The best pieces of art have a three-dimensional feel to them. Whether you’re looking at it ten years after inception, as a companion piece to a film, or simply an album’s artwork, the total picture of the music is essential. Such is the case with the seminal bossa/samba album, 1965’s Getz/Gilberto. Now, not much can be said of this record that hasn’t been said already. However, it’s the ideal example of three-dimensional art.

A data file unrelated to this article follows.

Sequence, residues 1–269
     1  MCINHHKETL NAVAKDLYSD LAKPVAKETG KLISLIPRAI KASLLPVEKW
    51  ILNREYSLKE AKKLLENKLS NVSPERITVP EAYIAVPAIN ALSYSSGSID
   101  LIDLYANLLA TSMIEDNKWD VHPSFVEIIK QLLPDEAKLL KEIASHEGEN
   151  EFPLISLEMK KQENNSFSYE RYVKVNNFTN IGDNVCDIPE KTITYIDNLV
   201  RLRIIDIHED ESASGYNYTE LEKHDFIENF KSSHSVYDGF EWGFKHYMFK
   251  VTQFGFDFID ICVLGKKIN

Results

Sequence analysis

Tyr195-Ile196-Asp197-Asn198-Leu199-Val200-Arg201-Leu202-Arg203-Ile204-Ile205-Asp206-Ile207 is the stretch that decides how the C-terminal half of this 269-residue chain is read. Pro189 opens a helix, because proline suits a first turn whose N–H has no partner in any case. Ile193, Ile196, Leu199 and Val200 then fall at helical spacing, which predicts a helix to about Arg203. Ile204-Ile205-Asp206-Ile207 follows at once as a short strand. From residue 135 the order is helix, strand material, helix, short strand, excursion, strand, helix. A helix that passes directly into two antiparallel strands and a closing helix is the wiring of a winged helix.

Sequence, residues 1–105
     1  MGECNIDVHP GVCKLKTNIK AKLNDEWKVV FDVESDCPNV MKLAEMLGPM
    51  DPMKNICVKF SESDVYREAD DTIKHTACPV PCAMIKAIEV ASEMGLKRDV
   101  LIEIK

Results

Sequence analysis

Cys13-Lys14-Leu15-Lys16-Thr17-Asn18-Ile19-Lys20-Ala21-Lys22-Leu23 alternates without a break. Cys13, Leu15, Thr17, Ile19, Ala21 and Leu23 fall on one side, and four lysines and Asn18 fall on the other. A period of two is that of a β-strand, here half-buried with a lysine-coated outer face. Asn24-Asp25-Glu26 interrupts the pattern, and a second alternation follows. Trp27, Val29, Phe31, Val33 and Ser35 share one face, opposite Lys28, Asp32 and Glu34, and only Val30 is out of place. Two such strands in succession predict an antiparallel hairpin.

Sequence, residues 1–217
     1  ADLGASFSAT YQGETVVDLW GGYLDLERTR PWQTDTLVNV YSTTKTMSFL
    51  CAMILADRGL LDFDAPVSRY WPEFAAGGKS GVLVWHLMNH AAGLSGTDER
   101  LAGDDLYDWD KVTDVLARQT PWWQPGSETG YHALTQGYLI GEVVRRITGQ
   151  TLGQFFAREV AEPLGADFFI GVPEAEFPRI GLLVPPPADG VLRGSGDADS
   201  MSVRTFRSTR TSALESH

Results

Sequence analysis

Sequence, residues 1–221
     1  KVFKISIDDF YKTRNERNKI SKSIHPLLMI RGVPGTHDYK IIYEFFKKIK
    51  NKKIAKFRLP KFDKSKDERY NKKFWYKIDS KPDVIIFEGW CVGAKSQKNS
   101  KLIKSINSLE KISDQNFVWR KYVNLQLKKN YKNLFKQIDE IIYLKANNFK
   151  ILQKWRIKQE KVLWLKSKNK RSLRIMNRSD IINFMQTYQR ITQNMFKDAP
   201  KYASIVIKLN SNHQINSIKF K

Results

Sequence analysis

“I’m still learning to write music, actually,” says National Composition Contest awardee Steven Snowden. I’m speaking to him over the phone: I’m in Minneapolis, he’s at the prestigious MacDowell Colony in New Hampshire, and both of us are surrounded by snow. His area code suggests Missouri, but his current address is in Boston. During our talk, he speaks of teaching in Hong Kong, growing up in Texas, and hardly a moment goes by where he’s not namedropping a different university where he has studied or been commissioned.